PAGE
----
Thursday, June 23, 2011

Purple Martin Youngsters

These young Purple Martins were trying out their new wings at Craney Island, Portsmouth today.

Brian Taber

Wednesday, June 15, 2011

Prothonotary Warbler Update

Guest Blogger Shirley Devan back with an update on the nest boxes at Northwest River Park in Chesapeake, VA.

Prothonotary Warblers (PROW) typically have two clutches each season. The PROWs at Northwest River Park in Chesapeake are now well into their second clutches and females are still laying eggs as of June 14. Fifty-seven eggs are being incubated as of June 14. Nest boxes that have not been occupied all season now have their first nests.

Since the end of April, Stephen Living and I have banded 59 PROW nestlings, and 18 adults – 3 males and 15 females. A male PROW and newly banded nestling (complete with fecal sac) shown in above photos.

We have “recaptured” 12 individual birds, meaning that they already had bands on them when we captured them. Several have been captured more than once this spring. All are females and were banded in 2009 or 2010 at Northwest River.

Friday, June 10, 2011

Rare Shorebirds

This week, a Red Knot was a bit tardy at Grandview Beach in Hampton and Black-necked Stilts were found nesting at Craney Island, Portsmouth, which is closed to the public.
Brian Taber

Thursday, June 2, 2011

College Creek Hawkwatch Season Ends

Thanks to other volunteers Tom Armour, Fred Blystone, Bill Williams and Dean Shostak, we were able to set a new season total of 1811, surpassing the previous high of 1666 set in 2007. The hawkwatch operated from February 9th through May 24th. Our 177 hours were the most in our 15 years and our 85 days were also the most, surpassing the 82 in 2007. We had our best February, 2nd best March, 5th best April and 6th best May. The early season boosted our totals, despite much wind, rain and and cool temperatures and the second half of the season mostly saw very small flights, despite seemingly fine weather for migrating. Our biggest day was the 3rd best ever for the site, 146 on April 3rd.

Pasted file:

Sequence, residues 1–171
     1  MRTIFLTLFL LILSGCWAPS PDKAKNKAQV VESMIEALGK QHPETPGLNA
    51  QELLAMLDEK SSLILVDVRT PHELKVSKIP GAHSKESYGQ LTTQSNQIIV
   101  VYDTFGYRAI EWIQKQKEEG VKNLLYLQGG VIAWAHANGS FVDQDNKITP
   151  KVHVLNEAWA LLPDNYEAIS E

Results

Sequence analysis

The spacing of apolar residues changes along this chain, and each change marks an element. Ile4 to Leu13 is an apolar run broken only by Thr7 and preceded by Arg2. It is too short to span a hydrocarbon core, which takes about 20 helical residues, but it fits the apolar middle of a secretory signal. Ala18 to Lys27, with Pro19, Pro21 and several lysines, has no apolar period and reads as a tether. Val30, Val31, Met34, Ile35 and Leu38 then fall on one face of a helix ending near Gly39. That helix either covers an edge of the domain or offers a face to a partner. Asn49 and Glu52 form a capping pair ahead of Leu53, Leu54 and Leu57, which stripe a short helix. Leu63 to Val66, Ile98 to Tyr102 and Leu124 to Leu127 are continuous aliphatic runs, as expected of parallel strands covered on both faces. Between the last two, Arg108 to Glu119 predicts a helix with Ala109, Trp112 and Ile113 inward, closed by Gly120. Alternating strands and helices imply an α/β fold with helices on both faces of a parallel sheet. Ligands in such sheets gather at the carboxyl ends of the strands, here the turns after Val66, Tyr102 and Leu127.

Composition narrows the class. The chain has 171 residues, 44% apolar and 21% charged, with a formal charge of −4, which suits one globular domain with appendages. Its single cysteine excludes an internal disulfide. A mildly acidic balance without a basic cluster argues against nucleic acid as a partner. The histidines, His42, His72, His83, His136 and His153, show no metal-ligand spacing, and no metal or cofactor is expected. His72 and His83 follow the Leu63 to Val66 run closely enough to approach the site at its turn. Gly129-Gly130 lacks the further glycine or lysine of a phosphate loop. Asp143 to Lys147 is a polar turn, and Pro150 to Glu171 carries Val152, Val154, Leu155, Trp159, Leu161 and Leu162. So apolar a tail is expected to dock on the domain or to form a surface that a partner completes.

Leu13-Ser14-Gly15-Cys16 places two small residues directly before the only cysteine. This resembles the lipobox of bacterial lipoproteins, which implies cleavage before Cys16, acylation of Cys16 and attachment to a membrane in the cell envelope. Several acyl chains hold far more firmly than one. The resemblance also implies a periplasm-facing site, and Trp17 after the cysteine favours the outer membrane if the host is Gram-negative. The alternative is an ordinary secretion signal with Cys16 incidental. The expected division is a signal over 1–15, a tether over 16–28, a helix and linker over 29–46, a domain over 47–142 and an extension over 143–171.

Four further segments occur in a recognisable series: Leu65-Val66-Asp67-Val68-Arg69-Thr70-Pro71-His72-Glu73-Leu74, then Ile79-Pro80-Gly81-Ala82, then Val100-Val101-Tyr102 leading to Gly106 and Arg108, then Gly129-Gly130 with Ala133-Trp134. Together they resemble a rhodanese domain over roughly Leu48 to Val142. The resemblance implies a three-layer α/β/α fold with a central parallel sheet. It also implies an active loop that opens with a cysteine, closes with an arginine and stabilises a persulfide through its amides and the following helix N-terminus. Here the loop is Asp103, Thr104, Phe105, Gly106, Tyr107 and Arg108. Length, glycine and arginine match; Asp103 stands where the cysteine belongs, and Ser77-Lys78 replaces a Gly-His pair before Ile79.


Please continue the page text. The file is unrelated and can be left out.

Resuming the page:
We recorded 14 species and set new season highs for Turkey Vultures and Ospreys. Northern Harrier was 2nd highest. The single Broad-winged Hawk was the lowest, except for 1998 when none were seen and coverage was less than half of this year.


Black Vulture 65

Turkey Vulture 1189

Osprey 289

Mississippi Kite 1

Bald Eagle 82

Northern Harrier 41

Sharp-shinned Hawk 49

Cooper's Hawk 10

Red-shouldered Hawk 9

Broad-winged Hawk 1

Red-tailed Hawk 38

American Kestrel 29

Merlin 5

Peregrine 1

Rarities at the site included Glaucous Gull, Lesser Black-backed Gull, Least Bittern, Sandhill Crane on 2 occasions and White-winged Dove.

We see many variations on immature Bald Eagles, including the quite unusual and striking one pictured above.

It's always a pleasure watching birds cross the James River at this site during late winter and spring. If anyone wants further details, please contact me.

Brian Taber